Brown University is Carrie Mae Weems’ latest canvas. The renowned conceptual artist, known for work that melds art and activism through examinations of race, violence and gender, began installing “Varying Shades of Brown” (a multi-part activation) on the school’s campus in September.
Reimagined work by Weems will debut in five exhibitions placed in several Brown University buildings as part of the installation, which will be on view through early December. Her work will also serve as source material for several courses at the school. “What universities allow you to do is have a captive audience of the curious, of scholarship, of research, of inquiry,” Weems told Observer. “I think that is really sort of exciting—that doesn’t necessarily happen in a gallery, where anybody is walking in from all shades of life.”
Weems, 70, rose to prominence in 1990 with “The Kitchen Table Series,” a collection of black and white photographs telling an intimate story of identity through staged vignettes. The MacArthur grant-winning artist has since received widespread accolades for her photography, text, film and performance installations, exhibiting at national and international institutions and becoming the first Black woman to have a retrospective at the Guggenheim.
Historical events and figures are often at the forefront of her work. The Brown activation will highlight pieces like her 2012 Lincoln, Lonnie and Me—A Story in Five Parts, a video installation utilizing a 19th-century illusion technique, Abraham Lincoln’s Gettysburg Address and archival footage from the 1960s. “The importance of history has been with me for a very long time,” said Weems, who as a young child was regularly asked by her father to recite Martin Luther King Jr.’s “I Have a Dream” speech. “We are haunted by history. I’m always looking back at it because it gives us a sense of how we arrived at this moment.”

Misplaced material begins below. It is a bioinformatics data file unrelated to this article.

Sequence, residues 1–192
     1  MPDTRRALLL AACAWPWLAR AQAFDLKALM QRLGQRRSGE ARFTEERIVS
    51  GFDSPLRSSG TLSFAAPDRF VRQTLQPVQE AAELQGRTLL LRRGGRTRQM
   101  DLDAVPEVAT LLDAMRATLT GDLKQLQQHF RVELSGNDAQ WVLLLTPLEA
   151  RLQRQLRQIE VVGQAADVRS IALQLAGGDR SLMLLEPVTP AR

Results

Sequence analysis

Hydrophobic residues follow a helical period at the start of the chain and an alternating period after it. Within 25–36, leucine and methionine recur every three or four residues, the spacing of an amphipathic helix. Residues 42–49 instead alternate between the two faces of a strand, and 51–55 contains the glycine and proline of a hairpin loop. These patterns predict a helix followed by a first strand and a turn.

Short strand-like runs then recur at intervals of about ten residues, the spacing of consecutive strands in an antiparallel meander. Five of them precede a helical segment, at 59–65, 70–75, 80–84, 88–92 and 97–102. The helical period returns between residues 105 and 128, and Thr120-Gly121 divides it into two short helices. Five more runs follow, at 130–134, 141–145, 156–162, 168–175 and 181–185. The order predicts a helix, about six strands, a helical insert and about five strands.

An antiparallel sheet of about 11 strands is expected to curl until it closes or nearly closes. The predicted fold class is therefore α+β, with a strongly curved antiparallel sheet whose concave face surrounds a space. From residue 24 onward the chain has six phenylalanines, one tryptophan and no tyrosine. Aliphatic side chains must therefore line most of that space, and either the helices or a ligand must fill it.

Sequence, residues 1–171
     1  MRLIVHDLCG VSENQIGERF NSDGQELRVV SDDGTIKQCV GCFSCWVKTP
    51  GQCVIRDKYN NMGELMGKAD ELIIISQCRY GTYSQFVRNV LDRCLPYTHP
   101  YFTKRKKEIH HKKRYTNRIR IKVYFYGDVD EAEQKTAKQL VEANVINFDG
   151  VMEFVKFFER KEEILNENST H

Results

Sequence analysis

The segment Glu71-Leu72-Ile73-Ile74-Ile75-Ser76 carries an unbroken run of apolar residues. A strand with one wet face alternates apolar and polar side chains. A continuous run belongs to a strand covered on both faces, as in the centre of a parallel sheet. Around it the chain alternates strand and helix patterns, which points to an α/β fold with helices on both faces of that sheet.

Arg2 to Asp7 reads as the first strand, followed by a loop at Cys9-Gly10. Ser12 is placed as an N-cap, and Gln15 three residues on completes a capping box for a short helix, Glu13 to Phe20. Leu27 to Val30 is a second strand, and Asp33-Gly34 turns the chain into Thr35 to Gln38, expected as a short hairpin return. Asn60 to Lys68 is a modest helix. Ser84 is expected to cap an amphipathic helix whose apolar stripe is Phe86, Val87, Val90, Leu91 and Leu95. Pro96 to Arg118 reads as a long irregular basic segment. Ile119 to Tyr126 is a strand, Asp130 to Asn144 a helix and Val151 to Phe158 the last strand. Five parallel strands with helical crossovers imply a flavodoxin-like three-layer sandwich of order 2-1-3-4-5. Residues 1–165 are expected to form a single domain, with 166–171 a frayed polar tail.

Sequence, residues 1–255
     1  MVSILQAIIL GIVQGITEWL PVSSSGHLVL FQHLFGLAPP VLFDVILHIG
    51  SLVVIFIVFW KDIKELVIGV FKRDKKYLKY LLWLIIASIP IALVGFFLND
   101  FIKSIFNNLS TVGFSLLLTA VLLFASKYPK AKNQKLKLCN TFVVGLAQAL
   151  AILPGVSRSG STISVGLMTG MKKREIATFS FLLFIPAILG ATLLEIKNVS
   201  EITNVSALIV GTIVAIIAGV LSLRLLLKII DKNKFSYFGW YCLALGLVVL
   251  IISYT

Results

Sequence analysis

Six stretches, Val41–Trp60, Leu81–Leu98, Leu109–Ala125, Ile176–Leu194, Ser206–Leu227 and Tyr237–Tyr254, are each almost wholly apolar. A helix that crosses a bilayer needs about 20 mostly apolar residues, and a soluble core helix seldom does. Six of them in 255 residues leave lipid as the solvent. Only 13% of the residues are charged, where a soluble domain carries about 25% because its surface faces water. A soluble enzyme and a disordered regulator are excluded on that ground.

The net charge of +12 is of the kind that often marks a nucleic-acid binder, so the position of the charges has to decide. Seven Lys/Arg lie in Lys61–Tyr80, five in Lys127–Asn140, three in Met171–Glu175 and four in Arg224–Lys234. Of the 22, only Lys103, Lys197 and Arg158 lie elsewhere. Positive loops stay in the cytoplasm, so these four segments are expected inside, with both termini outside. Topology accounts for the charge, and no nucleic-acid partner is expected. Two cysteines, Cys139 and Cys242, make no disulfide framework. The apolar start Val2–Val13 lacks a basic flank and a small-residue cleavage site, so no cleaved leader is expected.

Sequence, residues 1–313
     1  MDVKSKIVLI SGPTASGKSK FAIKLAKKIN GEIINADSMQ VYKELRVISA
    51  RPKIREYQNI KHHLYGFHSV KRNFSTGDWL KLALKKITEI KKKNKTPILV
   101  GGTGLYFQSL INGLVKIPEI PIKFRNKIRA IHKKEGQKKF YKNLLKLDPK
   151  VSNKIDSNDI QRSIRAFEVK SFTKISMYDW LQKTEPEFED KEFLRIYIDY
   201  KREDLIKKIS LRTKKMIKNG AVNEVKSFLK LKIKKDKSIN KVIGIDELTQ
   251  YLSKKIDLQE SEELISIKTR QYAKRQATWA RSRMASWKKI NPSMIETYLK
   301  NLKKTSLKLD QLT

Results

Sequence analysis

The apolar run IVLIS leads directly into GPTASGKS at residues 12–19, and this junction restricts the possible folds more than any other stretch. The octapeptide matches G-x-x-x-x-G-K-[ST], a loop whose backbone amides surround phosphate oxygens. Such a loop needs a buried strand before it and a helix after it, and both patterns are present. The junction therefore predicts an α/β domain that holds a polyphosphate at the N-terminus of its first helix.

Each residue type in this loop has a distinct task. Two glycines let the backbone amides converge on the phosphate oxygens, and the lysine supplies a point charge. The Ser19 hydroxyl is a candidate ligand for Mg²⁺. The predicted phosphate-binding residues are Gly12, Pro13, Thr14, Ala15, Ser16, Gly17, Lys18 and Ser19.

“Varying Shades of Brown” encompasses more than video—a simple chair, box and megaphone make up an exhibition entitled “Seat or Stand and Speak,” while the “Usual Suspects” displays hazy photographs of Black men accompanied by textual messages on police brutality.
The activation at Brown initially came about via Avery Willis Hoffman, the former program director at the Armory who heads the university’s Brown Arts Institute (BAI). After viewing the artist’s 2021 multi-installation show “The Shape of Things,” Hoffman invited Weems to teach a course at Brown for the 2023 spring semester as the inaugural Agnes Gund Professor of the Practice of Art and Social Justice. “It was really a wonderful coming together of synergies,” said Weems.
For the activation, Weems and her students were asked to “consider for the first time a university’s campus as a broad canvas, as a resource for deeper thinking, and as an activation site that invited reflection and response,” according to a statement from Hoffman. The project provided Weems an opportunity to revisit works she created years ago. “Every time you install a work, depending on where it is, it changes, changes, changes,” said Weems.
Different setting, same questions
For her new iteration of the 2021 Land of Broken Dreams: A Case Study, an interactive installation expanding her decades-long exploration of history and power in the U.S., students incorporated historical materials of student activism at Brown University. The exhibition fit perfectly in the university’s intimate Cohen Gallery, according to Weems, making it “one of the best installations of that work we’ve done.”